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Stratigraphical Control of Mineralisation in the Peak District of Derbyshire

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posted on 26.10.2010, 09:24 by Noel Edward Worley
The Pb - Zn - Ba - F deposits of the Southern Pennine Orefield comprise stratabound rakes, pipes, and flats which are developed exclusively in Lower Carboniferous (Dinantian) Limestones and dolomites lying on a basement of Lower Palaeozoic rocks. The distribution of these deposits is largely controlled by the occurrence of favourable lithofacies, located on structural highs, in the uppermost (Brigantian stage) shelf limestones. These include pseudobreccias, shell beds, reefs, stylolitically-bedded limestones, erosion surfaces, and coarse crinoidal biosparrudites. A number of other lithologies acted as aquicludes and include lavas, tuffs, clay wayboards, shale, and chert beds. A review of studies of paragenesis, fluid inclusions, and isotopes has shown the mineralisation probably originated by deep circulation of connate Dinantian waters which leached base metals, barium, and fluorine, from a variety of crustal rocks. Deep seated sources provided sulphur in some of the sulphide minerals whose origin was related to crustal rifting in the area during the opening of the North Atlantic and the formation of the North Sea Basin. The mineral solutions were acidic and produced a system of integrated hydrothermal karst cavities known as pipes. Precipitation of the minerals occurred by an increase in pH, cooling, and decrease in pressure. Many of the pipes continued through the Tertiary and Pleistocene to act as water courses, where alluvial placer deposits of galena, fluorite, and baryte accumulated.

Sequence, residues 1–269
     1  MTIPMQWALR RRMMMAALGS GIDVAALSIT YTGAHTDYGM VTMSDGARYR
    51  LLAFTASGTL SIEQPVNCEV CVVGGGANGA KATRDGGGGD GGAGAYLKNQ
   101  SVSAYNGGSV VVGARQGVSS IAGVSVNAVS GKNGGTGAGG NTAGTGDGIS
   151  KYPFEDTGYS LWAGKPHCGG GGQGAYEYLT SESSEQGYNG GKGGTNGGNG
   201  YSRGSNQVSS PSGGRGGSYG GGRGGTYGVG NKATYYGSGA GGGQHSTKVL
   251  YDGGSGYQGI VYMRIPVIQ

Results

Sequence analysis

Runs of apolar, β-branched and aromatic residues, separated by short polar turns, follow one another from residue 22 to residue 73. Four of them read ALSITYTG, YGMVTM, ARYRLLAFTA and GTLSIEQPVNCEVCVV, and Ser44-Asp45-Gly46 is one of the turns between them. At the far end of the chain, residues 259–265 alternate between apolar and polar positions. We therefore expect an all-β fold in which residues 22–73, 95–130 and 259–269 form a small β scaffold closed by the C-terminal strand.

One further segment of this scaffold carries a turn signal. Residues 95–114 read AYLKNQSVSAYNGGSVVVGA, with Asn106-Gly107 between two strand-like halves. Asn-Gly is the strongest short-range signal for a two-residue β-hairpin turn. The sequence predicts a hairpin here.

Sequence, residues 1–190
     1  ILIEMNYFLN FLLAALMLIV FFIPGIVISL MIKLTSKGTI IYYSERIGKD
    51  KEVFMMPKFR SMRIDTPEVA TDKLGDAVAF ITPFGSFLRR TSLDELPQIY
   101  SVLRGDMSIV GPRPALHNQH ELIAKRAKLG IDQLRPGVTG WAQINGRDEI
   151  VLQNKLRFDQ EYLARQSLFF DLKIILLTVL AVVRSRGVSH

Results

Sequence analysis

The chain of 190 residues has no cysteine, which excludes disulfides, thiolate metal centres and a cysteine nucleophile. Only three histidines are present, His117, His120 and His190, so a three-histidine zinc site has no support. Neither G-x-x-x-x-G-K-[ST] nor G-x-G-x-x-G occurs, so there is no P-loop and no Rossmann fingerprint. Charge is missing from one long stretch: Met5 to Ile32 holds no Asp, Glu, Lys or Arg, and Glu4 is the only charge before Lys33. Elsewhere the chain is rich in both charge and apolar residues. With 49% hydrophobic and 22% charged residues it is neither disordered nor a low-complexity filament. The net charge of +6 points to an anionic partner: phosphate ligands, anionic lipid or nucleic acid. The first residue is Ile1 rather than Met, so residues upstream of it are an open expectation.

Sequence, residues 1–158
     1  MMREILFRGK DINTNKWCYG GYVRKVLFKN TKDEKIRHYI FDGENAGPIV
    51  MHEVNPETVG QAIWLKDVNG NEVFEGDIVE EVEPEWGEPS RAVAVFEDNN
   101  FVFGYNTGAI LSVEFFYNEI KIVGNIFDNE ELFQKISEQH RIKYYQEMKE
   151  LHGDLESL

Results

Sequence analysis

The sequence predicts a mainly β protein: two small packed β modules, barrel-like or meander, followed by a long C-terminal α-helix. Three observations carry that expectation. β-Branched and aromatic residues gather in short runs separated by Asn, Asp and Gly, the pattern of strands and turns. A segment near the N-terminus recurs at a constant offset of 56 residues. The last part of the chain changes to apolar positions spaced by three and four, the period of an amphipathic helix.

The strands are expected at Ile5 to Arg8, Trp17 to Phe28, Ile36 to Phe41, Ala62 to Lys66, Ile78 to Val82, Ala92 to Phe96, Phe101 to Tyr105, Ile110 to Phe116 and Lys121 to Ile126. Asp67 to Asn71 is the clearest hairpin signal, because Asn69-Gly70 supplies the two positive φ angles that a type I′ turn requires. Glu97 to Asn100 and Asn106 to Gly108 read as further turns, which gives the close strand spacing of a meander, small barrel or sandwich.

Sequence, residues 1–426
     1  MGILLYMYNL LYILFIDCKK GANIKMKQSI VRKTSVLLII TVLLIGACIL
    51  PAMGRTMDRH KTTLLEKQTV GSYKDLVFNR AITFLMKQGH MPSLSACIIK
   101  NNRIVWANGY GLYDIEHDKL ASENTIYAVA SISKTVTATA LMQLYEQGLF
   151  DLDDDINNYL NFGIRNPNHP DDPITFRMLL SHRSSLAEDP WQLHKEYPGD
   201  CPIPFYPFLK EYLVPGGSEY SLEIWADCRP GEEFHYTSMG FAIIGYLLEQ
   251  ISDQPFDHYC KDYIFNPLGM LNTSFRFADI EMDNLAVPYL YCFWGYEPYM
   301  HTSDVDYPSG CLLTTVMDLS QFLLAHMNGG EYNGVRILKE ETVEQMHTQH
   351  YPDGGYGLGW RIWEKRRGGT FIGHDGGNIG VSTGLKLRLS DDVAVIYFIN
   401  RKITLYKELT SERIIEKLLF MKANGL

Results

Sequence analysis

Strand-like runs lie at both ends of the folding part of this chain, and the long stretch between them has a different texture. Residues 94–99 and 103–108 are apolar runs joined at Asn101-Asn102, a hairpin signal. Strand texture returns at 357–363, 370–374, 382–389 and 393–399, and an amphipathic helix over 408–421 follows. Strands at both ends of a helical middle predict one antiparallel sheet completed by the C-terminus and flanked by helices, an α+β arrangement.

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University of Leicester

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The published articles between p. 240 and p. 241 have been removed from the electronic copy of this thesis due to third party copyright restrictions. These can be viewed in the print copy available at the David Wilson Library.



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